This was the inaugural show of a new series of music events hosted at this fantastic venue in the centre of Oxford by legendary promoter Geoff Smith, formerly of Abingdon’s ancient Unicorn Theatre, and he was over the moon to have secured Teddy Thompson to play, with support from Lucy Kitt.
Holywell Music Room is the oldest purpose built concert hall in Europe, built in 1748, and what a stunning venue. With perfect symmetry inside and out, the auditorium features raked bench seating in a horseshoe shape around a stage dominated by an impressive organ, dramatically uplit for the occasion. Functioning and playable, along with a harpsichord and grand piano. But this evening’s entertainment was provided by two singer songwriters, which, as a number of audience members commented, made a lovely change from the usual classical music recitals that take place here. The room’s fantastic natural acoustic was boosted with care and sympathy by soundman Robin, who has come across from the Unicorn to join Geoff in this venture.
Geoff was absolutely thrilled to have managed to secure Teddy for this intimate performance before he headed up to Glasgow to play Celtic Connections and a couple of other high profile shows in England. Opening the show with Delilah, he set the tone for the show with a strong and focussed performance throughout, an Elvis like curl of the lip and toss of the head providing emphasis to his delivery of the songs. With his sixth studio album underway he drew on his extensive back catalogue of self penned songs along with a few covers, stylistically weaving across country, pop and rock, the influence of 50s rock and roll during his formative years most evident in At A Light (You’re Gonna Miss Me). There’s a darkness to a lot of his lyrics, self criticism and doubt, offset with pretty melodies and fingerstyle guitaring. Standouts were Down Low, a confession to past lovers, and Turning the Gun on Myself, a wry complaint about the noise pollution in New York set to a gentle, lullabye-esque waltz.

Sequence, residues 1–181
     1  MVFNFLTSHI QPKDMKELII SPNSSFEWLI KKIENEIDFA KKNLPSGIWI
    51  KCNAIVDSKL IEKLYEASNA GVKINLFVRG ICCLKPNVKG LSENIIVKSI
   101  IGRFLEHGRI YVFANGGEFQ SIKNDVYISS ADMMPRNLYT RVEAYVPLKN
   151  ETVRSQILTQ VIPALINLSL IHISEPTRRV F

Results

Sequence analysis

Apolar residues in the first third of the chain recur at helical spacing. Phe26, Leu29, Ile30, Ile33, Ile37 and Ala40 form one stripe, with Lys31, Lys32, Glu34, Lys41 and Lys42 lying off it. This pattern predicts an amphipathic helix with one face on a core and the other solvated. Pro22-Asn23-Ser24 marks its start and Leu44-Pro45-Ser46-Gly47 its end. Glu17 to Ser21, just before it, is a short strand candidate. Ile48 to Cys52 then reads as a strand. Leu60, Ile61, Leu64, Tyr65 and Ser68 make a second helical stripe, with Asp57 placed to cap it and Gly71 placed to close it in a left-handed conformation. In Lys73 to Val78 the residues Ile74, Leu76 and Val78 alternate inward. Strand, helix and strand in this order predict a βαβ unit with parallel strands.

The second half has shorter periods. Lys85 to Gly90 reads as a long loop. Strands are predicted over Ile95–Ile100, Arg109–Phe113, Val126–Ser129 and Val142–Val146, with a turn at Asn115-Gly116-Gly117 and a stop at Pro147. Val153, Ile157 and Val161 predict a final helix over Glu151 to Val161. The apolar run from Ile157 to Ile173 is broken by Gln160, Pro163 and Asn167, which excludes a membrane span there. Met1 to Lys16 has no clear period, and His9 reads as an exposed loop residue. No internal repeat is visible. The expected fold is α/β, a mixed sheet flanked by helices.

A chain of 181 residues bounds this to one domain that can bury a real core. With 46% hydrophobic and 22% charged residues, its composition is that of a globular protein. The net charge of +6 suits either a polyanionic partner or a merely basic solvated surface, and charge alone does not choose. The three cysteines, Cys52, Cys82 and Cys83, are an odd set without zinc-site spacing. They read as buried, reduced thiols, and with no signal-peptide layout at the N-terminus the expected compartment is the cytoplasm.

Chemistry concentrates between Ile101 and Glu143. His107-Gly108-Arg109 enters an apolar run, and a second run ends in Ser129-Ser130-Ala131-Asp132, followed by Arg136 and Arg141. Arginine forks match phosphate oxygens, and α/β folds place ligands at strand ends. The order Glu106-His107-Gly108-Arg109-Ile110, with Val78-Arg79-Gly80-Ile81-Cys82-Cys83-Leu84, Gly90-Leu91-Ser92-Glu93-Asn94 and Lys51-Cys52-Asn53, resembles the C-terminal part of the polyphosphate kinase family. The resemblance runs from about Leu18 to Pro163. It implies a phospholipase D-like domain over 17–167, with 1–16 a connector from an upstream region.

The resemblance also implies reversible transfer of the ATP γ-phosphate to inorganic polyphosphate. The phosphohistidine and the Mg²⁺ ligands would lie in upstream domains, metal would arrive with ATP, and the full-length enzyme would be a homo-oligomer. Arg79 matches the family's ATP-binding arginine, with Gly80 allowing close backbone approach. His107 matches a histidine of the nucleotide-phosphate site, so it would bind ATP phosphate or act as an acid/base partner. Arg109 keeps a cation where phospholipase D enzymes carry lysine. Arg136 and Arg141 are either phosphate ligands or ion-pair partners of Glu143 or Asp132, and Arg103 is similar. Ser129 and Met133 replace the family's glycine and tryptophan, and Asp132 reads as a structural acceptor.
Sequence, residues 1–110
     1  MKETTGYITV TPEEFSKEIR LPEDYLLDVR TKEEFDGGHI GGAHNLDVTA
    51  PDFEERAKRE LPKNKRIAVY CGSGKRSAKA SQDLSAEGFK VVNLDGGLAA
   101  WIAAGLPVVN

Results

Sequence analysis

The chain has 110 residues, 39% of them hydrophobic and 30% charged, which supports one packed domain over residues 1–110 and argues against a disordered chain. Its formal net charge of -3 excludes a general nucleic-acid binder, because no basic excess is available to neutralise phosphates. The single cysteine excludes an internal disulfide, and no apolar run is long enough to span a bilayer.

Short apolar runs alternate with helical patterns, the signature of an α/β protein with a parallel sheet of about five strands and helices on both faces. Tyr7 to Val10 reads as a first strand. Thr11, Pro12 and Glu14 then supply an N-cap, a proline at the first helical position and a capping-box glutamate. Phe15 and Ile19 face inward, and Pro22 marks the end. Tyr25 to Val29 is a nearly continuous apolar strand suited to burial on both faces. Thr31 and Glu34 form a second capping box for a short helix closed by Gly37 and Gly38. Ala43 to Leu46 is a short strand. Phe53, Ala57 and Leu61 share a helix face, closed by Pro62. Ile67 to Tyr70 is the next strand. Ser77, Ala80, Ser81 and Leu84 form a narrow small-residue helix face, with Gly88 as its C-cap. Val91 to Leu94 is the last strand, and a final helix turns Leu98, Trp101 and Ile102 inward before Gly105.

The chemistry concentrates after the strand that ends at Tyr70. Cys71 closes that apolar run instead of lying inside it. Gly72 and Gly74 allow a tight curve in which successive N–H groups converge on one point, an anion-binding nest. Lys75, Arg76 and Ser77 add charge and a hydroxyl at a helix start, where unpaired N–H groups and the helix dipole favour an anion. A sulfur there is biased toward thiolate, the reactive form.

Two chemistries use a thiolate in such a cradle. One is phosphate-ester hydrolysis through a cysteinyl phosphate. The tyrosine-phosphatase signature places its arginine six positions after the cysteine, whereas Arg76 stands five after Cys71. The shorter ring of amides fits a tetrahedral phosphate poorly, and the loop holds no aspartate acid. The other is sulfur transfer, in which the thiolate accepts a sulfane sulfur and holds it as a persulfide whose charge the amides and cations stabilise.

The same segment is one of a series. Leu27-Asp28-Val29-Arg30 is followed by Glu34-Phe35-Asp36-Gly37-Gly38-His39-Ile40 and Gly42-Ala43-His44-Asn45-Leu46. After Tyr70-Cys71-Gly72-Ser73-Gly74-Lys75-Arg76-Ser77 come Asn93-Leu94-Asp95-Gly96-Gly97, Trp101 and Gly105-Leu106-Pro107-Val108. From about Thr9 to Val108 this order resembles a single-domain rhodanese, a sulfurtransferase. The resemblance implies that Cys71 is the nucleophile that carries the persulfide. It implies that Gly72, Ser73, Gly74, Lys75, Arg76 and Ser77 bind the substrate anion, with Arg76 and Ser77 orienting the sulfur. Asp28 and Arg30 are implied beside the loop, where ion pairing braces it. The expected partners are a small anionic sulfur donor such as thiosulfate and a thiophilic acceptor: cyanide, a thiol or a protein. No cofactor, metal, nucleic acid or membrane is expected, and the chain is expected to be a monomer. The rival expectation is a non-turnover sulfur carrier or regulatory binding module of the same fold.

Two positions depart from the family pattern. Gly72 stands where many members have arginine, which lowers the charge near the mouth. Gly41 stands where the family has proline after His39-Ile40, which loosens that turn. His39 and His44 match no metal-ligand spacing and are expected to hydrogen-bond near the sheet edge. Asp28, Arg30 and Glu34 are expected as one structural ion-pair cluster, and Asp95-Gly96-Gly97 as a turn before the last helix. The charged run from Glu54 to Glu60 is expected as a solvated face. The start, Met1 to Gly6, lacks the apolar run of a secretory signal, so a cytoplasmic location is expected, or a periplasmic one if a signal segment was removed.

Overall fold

Between songs he was relaxed and chatty, brushing off a couple of false starts with casual ease. The audience didn’t mind at all though, he was treated to good humoured appreciation and rapturous applause throughout. There was a sense that we had all witnessed something rare and special this evening.
Support this evening was from Essex based singer songwriter Lucy Kitt. Country style guitaring and a lovely hint of a twang to her voice, she had a lovely sweet tone and reminded me a little of Karen Carpenter. Her love of 70s music was evident in her arrangements, up tempo, bright and cheerful, the yearning optimism of Eagle being a standout, along with album title track Stand By.
Holywell Music and Folk has an exciting programme of rising and established artists lined up for this year and I look forward to joining them for more shows in the Spring.
Words and photos: Jo Elkington
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